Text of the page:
5. [Insert foot stomping, temper tantrum tone here] It should be my turn to have what I want already!!

Judging by the people featured on these shows and the ads that run between them, I can see the demographic HGTV is aiming at - upwardly mobile 30-something couples with money to spend and a healthy lust for MORE STUFF to justify their existence. Well, that ain't Wine Guy and me - both the money to spend and the healthy lust (well, a slight sickly lust maybe :-). We aren't materialistic people and don't ask for much. But even with a crappy housing market, San Diego home prices are still way out of our range.

I am fully aware that most of what I say here is a bunch of bullsh*t whining. I hope you will believe me when I say that in my normal, non blog-venting life, I'm actually pretty happy with how things are going. Not just with what I have (great friends, a solid relationship, my mom, a job I like, a cat I adore, my health, etc.), but with who I am (someone I like a hell of a lot more than I did ,say, 10 or even 5 years ago). But that's the whole point of this post. After a few episodes of "Designed to Sell," "HouseHunters,"Hidden Potential," "Property Virgins," or "Divine Design," I seem to turn into this whiny brat who feels entitled to property ownership.

I guess now that I think about it (and re-read this entry), I just proved that their advertising/programming model is working:
Make 'em want more, more, MORE! Even if they didn't know they wanted it in the first place!

So, I suppose I have to boycott HGTV - at least for a little while. It should be a lot easier now that the damn writer's strike is over. Maybe in the near future, when/if I am ready to have a place of my own, I can travel that far up the dial again to get some helpful tips. In the meantime, perhaps someone will come up with a channel for renters (call it LeaseTV). How about these shows? "Landlord Nightmares, "I Need Laundry Quarters," "Unleased," "Ikea or Bust," and "Pets Negotiable."

Thanks for listening. Dismissed.

February 14, 2008

Casualties of V-Day

Ahhh, there's nothing like a forced Hallmark holiday to dredge up memories of failed past relationships, put unnecessary pressure on current relationships, and cause melancholy for those who happen to be unattached on February 14. I've been a casualty of Valentine's Day in each of these ways, and I'm sure you have as well.

Let's start with dredging up memories of failed past relationships, shall we? Easy enough for me, especially since I just got off the phone with one of them - Only Child. As cheezy as it is, our "anniversary" (the day we made our relationship officially exclusive by half-jokingly drafting up a relationship contract) is on Valentine's Day. Let's see, if we were still together, it would be our 8th year.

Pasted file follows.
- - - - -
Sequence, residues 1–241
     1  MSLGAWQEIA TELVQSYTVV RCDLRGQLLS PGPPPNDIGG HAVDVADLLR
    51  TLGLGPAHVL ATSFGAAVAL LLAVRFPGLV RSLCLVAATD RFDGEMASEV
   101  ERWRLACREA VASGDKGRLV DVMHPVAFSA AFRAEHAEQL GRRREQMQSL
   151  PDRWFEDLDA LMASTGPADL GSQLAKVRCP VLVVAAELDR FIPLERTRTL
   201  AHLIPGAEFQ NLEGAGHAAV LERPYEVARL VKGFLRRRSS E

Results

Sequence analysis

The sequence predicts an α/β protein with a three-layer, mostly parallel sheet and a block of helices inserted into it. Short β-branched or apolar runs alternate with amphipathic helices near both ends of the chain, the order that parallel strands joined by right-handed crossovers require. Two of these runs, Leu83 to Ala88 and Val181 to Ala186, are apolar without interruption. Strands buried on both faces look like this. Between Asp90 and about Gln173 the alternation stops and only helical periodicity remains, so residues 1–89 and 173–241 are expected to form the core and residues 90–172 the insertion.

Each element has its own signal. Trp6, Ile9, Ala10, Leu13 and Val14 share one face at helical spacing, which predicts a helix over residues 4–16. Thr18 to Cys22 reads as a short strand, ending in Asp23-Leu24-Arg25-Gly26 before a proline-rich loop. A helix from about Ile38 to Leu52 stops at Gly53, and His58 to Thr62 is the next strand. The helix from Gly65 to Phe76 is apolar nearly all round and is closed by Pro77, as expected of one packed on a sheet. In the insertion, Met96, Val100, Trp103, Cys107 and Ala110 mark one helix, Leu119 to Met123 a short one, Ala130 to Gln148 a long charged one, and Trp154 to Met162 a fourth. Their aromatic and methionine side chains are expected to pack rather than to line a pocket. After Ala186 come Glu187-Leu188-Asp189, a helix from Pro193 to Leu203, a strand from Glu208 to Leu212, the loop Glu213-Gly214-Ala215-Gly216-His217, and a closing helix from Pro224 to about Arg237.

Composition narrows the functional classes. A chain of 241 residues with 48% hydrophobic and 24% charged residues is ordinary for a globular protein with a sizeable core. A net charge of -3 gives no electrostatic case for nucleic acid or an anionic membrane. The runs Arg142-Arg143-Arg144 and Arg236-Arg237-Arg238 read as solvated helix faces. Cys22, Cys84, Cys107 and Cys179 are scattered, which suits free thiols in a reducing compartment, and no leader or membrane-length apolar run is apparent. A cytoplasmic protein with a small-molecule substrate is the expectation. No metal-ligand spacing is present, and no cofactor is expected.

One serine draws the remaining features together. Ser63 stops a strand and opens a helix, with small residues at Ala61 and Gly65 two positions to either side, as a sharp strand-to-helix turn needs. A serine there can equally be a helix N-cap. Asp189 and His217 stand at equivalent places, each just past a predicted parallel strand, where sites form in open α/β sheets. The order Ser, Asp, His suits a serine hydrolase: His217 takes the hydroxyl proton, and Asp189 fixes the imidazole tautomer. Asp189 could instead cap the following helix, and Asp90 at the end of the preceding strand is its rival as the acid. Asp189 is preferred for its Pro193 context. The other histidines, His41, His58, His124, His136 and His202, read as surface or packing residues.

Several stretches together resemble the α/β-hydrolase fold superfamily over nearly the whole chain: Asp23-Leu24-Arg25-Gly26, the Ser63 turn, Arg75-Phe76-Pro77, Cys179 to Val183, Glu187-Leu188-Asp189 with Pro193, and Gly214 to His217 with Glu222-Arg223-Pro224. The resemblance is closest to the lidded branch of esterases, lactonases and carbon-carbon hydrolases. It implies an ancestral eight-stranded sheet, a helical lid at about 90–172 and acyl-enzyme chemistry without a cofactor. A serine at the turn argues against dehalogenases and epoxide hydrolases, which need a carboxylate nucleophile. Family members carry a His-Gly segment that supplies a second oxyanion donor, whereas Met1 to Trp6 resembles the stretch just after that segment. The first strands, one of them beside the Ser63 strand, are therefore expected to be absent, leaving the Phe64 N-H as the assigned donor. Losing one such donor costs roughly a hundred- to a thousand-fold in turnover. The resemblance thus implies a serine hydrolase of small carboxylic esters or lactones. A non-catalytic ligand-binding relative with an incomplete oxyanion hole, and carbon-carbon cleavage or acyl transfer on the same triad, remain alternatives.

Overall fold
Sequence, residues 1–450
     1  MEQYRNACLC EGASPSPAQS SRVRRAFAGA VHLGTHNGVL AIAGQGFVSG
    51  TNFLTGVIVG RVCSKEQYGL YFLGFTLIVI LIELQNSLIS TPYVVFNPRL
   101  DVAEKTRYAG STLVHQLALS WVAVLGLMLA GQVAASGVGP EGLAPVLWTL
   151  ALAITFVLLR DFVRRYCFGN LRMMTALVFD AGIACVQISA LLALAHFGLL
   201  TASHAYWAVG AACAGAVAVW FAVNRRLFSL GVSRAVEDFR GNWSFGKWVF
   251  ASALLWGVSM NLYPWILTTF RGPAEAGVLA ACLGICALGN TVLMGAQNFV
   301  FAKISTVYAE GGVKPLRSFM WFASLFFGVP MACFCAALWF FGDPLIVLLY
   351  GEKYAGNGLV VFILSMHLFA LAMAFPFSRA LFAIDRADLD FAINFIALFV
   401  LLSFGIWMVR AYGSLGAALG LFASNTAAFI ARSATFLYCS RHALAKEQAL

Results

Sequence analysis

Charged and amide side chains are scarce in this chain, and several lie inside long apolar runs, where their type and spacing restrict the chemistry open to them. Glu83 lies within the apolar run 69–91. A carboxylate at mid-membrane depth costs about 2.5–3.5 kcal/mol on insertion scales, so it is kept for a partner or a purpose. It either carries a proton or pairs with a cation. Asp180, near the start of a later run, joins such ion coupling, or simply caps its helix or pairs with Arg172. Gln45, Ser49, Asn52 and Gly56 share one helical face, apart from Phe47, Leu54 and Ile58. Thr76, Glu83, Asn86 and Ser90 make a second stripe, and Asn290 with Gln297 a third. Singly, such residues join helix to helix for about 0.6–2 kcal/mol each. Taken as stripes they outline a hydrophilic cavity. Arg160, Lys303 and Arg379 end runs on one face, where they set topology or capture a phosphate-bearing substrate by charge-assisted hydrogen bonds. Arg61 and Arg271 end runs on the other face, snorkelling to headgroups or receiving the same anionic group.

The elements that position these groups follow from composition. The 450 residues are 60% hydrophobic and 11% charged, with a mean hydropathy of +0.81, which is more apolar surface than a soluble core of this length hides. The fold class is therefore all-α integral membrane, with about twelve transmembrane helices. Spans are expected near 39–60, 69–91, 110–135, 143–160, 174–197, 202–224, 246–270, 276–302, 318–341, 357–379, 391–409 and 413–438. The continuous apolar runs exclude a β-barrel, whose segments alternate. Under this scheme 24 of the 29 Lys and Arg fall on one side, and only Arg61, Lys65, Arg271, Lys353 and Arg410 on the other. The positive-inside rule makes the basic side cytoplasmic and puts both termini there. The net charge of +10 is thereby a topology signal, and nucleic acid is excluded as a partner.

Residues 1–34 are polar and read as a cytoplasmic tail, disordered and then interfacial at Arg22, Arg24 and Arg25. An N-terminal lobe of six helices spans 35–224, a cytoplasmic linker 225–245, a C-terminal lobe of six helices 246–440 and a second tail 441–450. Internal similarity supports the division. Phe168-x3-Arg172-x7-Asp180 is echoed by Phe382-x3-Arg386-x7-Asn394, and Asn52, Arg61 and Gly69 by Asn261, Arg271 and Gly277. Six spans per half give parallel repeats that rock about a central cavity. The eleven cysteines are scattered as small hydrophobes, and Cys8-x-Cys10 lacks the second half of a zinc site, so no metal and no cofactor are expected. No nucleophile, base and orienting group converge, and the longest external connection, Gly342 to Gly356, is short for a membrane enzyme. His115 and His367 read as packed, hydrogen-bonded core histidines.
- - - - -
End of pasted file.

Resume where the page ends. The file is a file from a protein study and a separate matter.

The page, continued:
Our tradition was to "renegotiate" our contract. We even had a draft tacked up on the bulletin board when we lived together. The idea was that we would review it each anniversary, revise it as we saw fit, and then reaffirm our commitment by signing the document and pledging another year. It was all a joke of course, but deep down, we all know there is some truth in everything - especially for women. This was as close as I could get to an "official commitment" from Only Child and I tried to pretend it meant something. But it didn't (and neither did the marriage proposal, setting a wedding date, buying a dress and putting a deposit on a reception hall). Now he and I are friends who can laugh about our busted relationship and wish each other a happy V-day with our significant others. But that took a few years.

The worst part of Valentine's Day is, of course, the ridiculous amount of pressure the holiday puts on current relationships - new and well established. When I was younger, I resented the hell out of the day. Probably because I was deeply entrenched in my Unavailable Dirtbag phase. This consisted of dating guys I liked to describe as "blank walls"; they were pretty much there for me to project my own emotions onto - otherwise they contributed virtually nothing to the relationship -- and I liked it that way. Let's just say I wasn't all that emotionally healthy back then.

But this phase of mine makes for some entertaining Valentine's memories, particularly when I think back to my Senior year in college fling with Allman (named for his hairy resemblance to Greg Allman - long blonde hair, pork chop sideburns and a goatee. I know it sounds gross, but this was the height of the grunge era and he was actually quite handsome under all that hair). Allman was a big time stoner. He was so "laid back" that sometimes you wondered if he was there at all. But I had unusual access to him that no one else did (or so I liked to think) so it felt "special" to me. He was actually quite sweet, a talented musician (though too shy to play in front of others), peaceful (always walked away from a fight - which I loved), and very smart (this was an Ivy League school after all, and they don't give stoner scholarships).